So, you spent a significant amount of time creating a fancy 3D character. Maybe you even gave her some hair to cover up that bald head that is common in 3D art (opens in new tab) renders.
Nice work! I suppose you could consider the project done at this point, depending on what type of image you may be trying to make. For me, I see one big problem. My 3D character is standing around naked wondering if I am ever going to put some clothes on her. So what now?
You could spend hours sculpting a 3D dress and perfecting the folds and wrinkles, but if you decide to change your character's pose later you may have to start over. I am here to tell you that there's an easier way.
Unless you've been living under a rock somewhere, you've probably heard about Marvelous Designer (MD) by now. I recently began using Marvelous Designer to develop clothing for several images, including this classic portrait image titled Bird Set Free.
I am neither a seamstress nor a tailor. I know nothing about how clothing is actually created. Because of this, I try to keep things as simple as possible. I always start by finding concept art or sketching out and refining my idea. After that I lay out a simple pattern in Marvelous Designer using basic shapes.
I am new to Marvelous Designer, but I find the interface surprisingly easy to use considering how powerful it is. I was able to make my first garment within minutes of opening Marvelous Designer for the first time.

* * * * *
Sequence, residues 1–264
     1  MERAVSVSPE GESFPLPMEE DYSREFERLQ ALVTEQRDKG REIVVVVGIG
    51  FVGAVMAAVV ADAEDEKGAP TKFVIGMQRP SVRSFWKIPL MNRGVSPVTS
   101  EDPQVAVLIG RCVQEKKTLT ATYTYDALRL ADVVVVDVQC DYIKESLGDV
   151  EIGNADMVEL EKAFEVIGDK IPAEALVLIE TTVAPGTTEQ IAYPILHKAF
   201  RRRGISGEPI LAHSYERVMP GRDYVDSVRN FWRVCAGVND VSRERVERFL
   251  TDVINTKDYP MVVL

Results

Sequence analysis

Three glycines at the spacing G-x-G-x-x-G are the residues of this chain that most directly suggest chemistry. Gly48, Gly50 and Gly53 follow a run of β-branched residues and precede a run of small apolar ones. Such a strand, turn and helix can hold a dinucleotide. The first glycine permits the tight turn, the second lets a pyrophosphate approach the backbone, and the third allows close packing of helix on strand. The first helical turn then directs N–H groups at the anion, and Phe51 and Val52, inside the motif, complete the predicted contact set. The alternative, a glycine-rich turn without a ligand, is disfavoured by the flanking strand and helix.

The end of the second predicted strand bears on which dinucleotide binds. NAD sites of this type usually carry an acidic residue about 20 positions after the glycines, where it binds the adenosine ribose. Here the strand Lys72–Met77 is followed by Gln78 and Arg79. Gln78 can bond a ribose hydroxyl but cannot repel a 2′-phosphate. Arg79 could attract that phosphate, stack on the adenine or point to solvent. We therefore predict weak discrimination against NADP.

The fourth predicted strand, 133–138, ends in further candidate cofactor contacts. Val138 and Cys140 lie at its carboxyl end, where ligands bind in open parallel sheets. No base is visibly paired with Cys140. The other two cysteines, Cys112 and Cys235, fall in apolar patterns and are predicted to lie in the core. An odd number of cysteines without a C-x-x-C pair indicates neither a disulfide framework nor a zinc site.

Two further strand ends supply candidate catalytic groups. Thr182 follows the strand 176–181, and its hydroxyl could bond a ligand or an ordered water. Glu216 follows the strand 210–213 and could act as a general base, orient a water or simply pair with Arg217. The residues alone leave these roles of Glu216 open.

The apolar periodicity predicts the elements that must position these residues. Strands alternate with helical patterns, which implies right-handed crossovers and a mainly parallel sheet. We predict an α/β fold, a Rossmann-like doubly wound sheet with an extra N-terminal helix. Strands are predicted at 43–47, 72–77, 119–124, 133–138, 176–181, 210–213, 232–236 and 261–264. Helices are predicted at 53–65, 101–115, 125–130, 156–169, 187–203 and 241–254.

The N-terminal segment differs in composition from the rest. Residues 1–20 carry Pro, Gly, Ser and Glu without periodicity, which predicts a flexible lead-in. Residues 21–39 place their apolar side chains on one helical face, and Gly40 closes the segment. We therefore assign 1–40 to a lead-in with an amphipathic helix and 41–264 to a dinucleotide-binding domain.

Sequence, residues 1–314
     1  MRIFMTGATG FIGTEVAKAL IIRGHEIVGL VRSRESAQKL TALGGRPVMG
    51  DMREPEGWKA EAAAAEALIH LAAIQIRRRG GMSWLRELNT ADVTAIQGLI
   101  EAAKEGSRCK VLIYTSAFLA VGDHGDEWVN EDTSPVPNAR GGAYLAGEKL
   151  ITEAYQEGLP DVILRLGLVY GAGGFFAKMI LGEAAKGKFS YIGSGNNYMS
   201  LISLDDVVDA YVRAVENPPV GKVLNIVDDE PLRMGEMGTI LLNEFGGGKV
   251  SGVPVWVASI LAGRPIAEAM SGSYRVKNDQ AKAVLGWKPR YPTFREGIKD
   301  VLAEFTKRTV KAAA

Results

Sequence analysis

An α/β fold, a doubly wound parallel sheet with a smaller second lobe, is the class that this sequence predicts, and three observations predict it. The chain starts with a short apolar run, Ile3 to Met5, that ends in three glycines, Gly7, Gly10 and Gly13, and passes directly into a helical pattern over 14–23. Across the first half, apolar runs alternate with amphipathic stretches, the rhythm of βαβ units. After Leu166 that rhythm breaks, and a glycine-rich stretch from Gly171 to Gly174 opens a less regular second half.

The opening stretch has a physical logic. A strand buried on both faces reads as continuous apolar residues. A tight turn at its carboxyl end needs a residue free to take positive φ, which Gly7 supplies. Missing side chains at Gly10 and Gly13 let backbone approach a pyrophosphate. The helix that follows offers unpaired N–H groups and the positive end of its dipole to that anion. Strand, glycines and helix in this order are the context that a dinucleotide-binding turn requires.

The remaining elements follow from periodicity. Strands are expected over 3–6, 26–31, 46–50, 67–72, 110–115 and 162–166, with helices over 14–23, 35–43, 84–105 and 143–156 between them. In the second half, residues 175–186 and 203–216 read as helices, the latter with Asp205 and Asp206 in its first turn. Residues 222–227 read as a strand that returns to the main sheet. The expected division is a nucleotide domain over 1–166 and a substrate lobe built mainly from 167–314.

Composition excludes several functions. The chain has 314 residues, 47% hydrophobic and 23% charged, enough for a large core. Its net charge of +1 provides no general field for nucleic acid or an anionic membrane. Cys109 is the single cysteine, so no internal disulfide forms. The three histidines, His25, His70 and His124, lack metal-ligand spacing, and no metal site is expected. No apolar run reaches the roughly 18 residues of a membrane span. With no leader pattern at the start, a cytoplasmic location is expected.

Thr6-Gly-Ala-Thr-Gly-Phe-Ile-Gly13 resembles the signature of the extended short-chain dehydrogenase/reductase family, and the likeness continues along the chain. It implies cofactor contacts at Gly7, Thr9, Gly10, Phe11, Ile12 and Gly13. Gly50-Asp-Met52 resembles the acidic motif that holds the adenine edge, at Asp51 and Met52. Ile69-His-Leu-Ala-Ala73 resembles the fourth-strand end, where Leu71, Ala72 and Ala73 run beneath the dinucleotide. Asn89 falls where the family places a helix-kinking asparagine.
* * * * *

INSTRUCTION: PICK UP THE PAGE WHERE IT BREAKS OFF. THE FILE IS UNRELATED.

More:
I found it helpful to first create and layout my garment on the default 3D character in Marvelous Designer before trying to import my own character and apply the clothing. I always start with basic shapes first and add more detail as I go along, focusing on areas that will be most visible in my final still image.
01. Set the concept
I take a render of my character and place it on my tablet so I can test ideas on the go. I pop it on a new layer in Sketchbook and carry it around for a few days, sketching and trying lots of ideas and colours until I come up with a concept that I am happy with. In the case of this image, I tried several variations, but opted to stick with a fantastic concept by artist Kelly Vivanco.
02. Start with the basics
I find it helpful to start with basic shapes on the default 3D character in MD. In the March 2016 issue of 3D World magazine (opens in new tab) (#205), Camille Kleinman from CG Elves shared her process for creating a realistic dress in MD. Her comprehensive and easy to follow tutorial will most certainly help demystify MD for experts and beginners alike. If you don't already have a copy of issue 205 (opens in new tab), I recommend grabbing one.
03. Refining the design
I import my posed 3D character to MD (as an Avatar) and apply my basic garment. I adjust the garment to fit my character and begin fine tuning the design. I add subtle details to make the dress more unique, staying true to the original concept. I finish up in MD by applying appropriate fabric and simple textures, draping the garment, and exporting as an .obj file.
04. Focussing on the details
I add finishing details in my favourite 3D software, in this case, a button and better textures. Excellent textures help hide imperfections in the clothing and make the dress more realistic. To help me understand what I was trying to achieve, I went to my wife's closet and examined her clothing. In Photoshop, I added stitching along the seam lines using a stitch brush; this hides where the textures come together.